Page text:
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Bad moons

Emotive flaws in a new study of democracy
by
November 2009, no. 316

The Life and Death of Democracy by John Keane

Simon & Schuster, $49.99 hb, 958 pp

Bad moons

Emotive flaws in a new study of democracy
by
November 2009, no. 316

How does one review a serious academic study of 950 pages that covers two thousand years of political history? In this case I shall be upfront and declare that I am only reviewing part of Keane’s thesis, and will leave it to historians to discuss the remainder of his book. If I concentrate on the last 300 pages, this is because they contain more than enough material for even the keenest reader, let alone a harassed reviewer.

The Life and Death of Democracy is divided into three distinct sections, which allows Keane to explore three models of democracy: assembly, representative and monitory. The first two will be familiar to anyone who has done an introductory course in political philosophy, and are typified by the Athenian and Westminster models. One of the strengths of this book is to point to the far greater variety of origins and forms taken by democracy than the standard Western accounts explore. These sections will be of particular use for students of both political theory and history, containing as they do a number of useful correctives to the myth of both Athenian and American claims for the uniqueness of their contribution to the development of democracy.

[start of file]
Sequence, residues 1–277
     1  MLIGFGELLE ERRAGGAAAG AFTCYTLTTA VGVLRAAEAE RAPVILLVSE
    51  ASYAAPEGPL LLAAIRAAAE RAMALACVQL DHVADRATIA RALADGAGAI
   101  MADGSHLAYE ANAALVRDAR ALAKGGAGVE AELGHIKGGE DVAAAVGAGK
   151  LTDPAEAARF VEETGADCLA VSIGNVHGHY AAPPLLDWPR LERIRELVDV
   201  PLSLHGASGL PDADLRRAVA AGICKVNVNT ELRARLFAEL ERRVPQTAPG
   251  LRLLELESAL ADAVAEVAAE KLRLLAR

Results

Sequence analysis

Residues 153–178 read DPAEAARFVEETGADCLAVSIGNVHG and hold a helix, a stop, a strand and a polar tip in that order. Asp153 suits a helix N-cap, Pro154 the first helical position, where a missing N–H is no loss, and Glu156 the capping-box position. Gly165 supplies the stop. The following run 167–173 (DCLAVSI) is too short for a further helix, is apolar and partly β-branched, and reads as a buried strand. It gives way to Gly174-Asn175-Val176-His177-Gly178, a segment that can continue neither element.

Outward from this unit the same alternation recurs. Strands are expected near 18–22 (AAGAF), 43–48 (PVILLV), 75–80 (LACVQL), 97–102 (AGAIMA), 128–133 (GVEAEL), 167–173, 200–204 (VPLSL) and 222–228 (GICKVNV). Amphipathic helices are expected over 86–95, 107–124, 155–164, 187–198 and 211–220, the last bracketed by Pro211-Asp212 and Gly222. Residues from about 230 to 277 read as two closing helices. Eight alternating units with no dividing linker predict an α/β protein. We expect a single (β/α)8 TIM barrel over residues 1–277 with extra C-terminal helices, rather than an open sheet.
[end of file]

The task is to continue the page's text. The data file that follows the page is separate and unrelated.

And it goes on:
Dennis Altman reviews 'The Life and Death of Democracy' by John Keane

The Life and Death of Democracy

by John Keane

Simon & Schuster, $49.99 hb, 958 pp

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